What You Didn't Know About The World's Smallest Bible

The Bible, as a collection of books agreed upon by religious authorities to be a compendium of holy scripture, has been around for a couple of thousand years (although some books predate even that). It's the sacred text of the world's 2.3 billion Christians (per Pew Research Center), and one section of it — the Old Testament — contains the scriptural basis for Judaism as well.

As an instantly recognizable historical and cultural touchstone for large swaths of humanity, the Bible also has been used as the basis for artistic or scientific experiments from time to time. Need to create an exceptionally large book for an art installation? The Bible works, and probably works better than, say, "Uncle Tom's Cabin" or "Little Women." Need to create an exceptionally small book the size of a grain of sugar to show just how far nanotechnology has come? A team of Israeli scientists did that very thing, according to the Israeli Ministry of Foreign Affairs, using, of course, the Bible (or more specifically, the Old Testament).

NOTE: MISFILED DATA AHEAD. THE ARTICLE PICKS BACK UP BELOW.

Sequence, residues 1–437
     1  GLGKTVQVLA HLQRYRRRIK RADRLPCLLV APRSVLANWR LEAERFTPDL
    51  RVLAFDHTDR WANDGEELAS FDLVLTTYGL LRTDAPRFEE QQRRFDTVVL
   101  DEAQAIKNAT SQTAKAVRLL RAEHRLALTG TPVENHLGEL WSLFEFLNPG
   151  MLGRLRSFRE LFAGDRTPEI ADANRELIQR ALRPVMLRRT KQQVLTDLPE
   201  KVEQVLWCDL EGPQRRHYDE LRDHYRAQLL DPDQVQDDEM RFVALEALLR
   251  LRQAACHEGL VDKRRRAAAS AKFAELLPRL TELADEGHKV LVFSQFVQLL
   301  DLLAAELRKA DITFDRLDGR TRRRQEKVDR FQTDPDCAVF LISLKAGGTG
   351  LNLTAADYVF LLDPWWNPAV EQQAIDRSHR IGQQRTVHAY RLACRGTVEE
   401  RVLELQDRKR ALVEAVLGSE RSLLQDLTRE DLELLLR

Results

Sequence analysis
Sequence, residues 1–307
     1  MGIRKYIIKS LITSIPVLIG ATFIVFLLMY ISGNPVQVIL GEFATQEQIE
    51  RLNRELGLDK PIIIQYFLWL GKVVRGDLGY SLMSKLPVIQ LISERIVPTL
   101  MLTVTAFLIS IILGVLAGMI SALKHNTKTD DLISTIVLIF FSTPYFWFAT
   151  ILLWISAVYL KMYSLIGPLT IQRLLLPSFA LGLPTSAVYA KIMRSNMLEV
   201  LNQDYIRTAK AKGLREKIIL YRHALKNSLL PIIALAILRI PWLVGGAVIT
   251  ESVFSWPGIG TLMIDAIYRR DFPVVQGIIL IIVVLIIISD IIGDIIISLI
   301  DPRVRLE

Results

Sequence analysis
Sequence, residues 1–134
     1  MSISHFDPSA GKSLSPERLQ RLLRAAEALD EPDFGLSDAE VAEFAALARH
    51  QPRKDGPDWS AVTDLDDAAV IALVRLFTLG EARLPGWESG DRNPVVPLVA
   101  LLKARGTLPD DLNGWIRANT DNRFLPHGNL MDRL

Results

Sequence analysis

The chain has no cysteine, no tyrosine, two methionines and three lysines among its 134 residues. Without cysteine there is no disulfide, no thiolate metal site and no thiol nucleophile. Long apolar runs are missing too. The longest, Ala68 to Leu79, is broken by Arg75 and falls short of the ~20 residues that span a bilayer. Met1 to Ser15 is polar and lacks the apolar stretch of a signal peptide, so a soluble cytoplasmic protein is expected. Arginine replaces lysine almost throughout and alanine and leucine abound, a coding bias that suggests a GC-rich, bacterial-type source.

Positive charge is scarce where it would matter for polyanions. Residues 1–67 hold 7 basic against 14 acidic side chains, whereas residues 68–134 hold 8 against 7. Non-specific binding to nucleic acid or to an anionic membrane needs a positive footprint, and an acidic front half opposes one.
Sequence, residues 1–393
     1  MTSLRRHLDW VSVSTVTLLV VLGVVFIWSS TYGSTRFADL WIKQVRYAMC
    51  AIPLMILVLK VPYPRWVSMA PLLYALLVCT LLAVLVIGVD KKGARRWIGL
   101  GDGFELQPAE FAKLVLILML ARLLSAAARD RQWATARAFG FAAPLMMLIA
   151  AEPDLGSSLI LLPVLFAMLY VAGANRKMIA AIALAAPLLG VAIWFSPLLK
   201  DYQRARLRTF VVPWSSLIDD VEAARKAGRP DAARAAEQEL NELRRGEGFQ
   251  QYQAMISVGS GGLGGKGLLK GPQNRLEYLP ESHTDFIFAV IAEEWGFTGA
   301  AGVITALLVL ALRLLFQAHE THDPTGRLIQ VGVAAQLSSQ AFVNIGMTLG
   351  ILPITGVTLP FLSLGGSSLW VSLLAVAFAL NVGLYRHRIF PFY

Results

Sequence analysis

You could lose this Bible in the palm of your hand

In the image featured above, you can see a mustard seed on a fingertip. The Nano Bible, produced by the Russell Berrie Nanotechnology Institute at the Technion in Haifa, Israel, is smaller even than the seed, according to the Israeli Ministry of Foreign Affairs, and roughly the size of a grain of sugar. The gold-plated silicon chip is roughly 0.5 millimeters squared, and contains all 1.2 million letters of the Hebrew Bible. And in much the same way the ancients recorded documents by engraving in stone, the process that produced the Nano Bible works by focusing an ion beam at the chip and knocking away the gold. The entire process takes about 90 minutes. If you were interested in actually reading the document, you'd need a microscope capable of magnifying 10,000 times.

The true value of the Nano Bible lies in its use as a metaphor for the wide-open world of possibilities afforded by nanotechnology. Already the tech is used in desalinating water and in delivering medications to specific body parts, without harming other tissues, among multiple others.